This year’s Budget Speech occurred against the backdrop of a deep and sustained global equity sell-off as investors reacted to the rapid spread of the COVID-19 coronavirus worldwide. While generally well received, the market impact of the Budget was overshadowed by these global developments. It is a reminder that global matters more than local when it comes to investments.
Rapid spread, rapid selling
Losses on major global equity indices reached double digits in the space of only a few days, indicative of panicked selling, not reasoned portfolio repositioning. While the spread of the virus inside China appears to be slowing down, it is accelerating elsewhere in the world. The sharp rise in risk aversion is centred on fears on the spread of the coronavirus to many countries around the world – including Korea, Italy, Iran, Brazil and the US – and that the same draconian measures to contain the outbreak adopted in China will be applied elsewhere. These have been deeply disruptive to economic activity, impacting both demand and supply.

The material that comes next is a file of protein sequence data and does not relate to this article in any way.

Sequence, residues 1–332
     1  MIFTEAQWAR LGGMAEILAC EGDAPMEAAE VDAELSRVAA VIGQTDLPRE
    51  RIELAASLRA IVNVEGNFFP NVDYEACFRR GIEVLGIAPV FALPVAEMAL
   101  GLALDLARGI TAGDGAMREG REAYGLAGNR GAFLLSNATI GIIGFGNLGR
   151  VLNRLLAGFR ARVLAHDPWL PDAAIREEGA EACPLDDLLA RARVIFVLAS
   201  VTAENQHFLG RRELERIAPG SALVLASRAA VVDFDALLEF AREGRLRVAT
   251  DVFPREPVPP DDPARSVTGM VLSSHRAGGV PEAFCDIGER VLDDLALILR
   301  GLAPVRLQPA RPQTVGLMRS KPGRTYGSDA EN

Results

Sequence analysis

In other words, although the virus is deadly for around 3% of people infected (with most experiencing only relatively mild symptoms and making a full recovery), the economic shock is a result of the steps taken to halt its spread. It remains to be seen whether other countries will follow China’s lead and adopt large scale quarantines, business closures and travel bans. Imagine for instance the negative impact of cancelling the upcoming Tokyo Olympic Games.
Chart 1: Global equity indices rebased to 100
Source: Refinitiv Datastream
While each death is tragic, we tend to have a very skewed perception of risk during events such as these. Almost 3 000